Kendrick Lamar has long been lauded for his masterful storytelling abilities and DAMN. was not different. Many fans have speculated that DAMN is ripe with a slew of different narratives but there’s a poignant narrative being told on DAMN. that many believe serves as the cornerstone for the entire project, according to Reddit user calcagano.

The user believes that, “BLOOD. and DUCKWORTH. are interchangeable intros/outros, the tracks in the middle are the two stories.” If you notice, the first line of Kendrick’s verse on “BLOOD.” begins with “So I was takin' a walk the other day,” which is also how “DUCKWORTH” -- the album’s finale -- ends. This theory explains that the two songs are connected and the songs in between find Kendrick grappling with “wickedness” and “weakness.” Kendrick gives listeners the option to ultimately decide what story and what outcome they want to experience while listening to the album.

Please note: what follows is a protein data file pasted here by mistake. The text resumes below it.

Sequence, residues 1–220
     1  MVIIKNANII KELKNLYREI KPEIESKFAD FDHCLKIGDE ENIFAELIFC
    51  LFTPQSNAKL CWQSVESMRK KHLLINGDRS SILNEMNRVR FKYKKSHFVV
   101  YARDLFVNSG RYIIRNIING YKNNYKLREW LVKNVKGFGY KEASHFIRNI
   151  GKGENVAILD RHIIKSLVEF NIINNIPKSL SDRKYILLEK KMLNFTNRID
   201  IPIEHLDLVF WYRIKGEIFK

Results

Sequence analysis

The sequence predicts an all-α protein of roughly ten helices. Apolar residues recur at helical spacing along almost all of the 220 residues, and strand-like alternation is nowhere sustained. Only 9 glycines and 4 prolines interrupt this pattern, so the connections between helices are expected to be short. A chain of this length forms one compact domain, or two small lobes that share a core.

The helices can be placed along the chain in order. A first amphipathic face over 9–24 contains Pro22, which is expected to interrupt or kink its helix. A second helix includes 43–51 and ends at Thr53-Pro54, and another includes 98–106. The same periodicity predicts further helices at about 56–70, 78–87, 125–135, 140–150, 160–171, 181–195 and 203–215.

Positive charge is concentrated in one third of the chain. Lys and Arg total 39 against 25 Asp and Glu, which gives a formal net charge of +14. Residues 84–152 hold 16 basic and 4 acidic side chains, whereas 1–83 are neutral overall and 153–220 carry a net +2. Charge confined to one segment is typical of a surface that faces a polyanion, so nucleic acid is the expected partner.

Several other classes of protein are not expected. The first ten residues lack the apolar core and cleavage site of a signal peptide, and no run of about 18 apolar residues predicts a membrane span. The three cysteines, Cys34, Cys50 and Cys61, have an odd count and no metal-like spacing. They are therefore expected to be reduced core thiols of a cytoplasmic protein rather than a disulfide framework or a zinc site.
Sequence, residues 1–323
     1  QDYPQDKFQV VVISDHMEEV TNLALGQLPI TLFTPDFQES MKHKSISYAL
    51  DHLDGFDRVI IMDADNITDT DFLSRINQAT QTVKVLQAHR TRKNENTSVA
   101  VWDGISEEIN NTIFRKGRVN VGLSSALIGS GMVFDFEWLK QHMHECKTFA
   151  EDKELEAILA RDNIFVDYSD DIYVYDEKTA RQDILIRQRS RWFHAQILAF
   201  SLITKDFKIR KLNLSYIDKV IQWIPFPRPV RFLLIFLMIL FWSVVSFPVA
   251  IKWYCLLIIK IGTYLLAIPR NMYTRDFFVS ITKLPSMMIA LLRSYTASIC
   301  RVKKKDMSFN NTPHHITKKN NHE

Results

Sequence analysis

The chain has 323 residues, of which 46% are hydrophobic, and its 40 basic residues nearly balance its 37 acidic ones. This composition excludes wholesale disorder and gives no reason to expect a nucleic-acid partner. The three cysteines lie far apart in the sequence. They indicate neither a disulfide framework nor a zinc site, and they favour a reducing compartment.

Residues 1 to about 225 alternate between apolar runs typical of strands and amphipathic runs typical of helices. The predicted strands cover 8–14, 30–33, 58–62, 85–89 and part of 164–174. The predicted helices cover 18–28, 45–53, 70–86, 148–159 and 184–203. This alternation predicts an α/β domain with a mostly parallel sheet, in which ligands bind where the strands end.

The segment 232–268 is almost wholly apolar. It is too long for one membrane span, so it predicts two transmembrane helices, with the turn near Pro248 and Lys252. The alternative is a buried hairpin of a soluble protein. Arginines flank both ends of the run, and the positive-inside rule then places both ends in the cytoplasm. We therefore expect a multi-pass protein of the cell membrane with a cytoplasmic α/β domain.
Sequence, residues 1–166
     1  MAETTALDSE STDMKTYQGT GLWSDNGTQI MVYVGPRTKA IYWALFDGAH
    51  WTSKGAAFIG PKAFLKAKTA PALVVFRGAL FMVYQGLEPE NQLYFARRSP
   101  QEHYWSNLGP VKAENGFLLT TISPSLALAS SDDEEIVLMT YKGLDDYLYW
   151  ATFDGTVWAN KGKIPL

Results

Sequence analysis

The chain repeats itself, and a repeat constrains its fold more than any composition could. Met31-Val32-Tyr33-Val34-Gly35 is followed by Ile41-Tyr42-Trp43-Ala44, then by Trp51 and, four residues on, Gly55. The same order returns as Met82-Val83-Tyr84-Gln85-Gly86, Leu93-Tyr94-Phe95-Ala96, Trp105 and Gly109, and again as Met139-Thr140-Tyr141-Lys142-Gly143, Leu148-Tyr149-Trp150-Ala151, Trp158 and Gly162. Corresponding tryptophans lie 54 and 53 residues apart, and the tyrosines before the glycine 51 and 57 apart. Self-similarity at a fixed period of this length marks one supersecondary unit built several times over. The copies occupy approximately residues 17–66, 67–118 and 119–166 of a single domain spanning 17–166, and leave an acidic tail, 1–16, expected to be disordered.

Kendrick confirmed that the album was intended to be played backwards because “It plays as a full story and even a better rhythm. It’s one of my favorite rhythms and tempos within the album. It’s something that we definitely premeditate while we’re in the studio,” he told MTV News earlier this year.

“The initial vibe listening from the top all the way to the bottom is ... this aggression and this attitude. You know, ‘DNA,’ and exposing who I really am,” he continued. “You listen from the back end, and it’s almost the duality and the contrast of the intricate Kendrick Lamar. Both of these pieces are who I am.”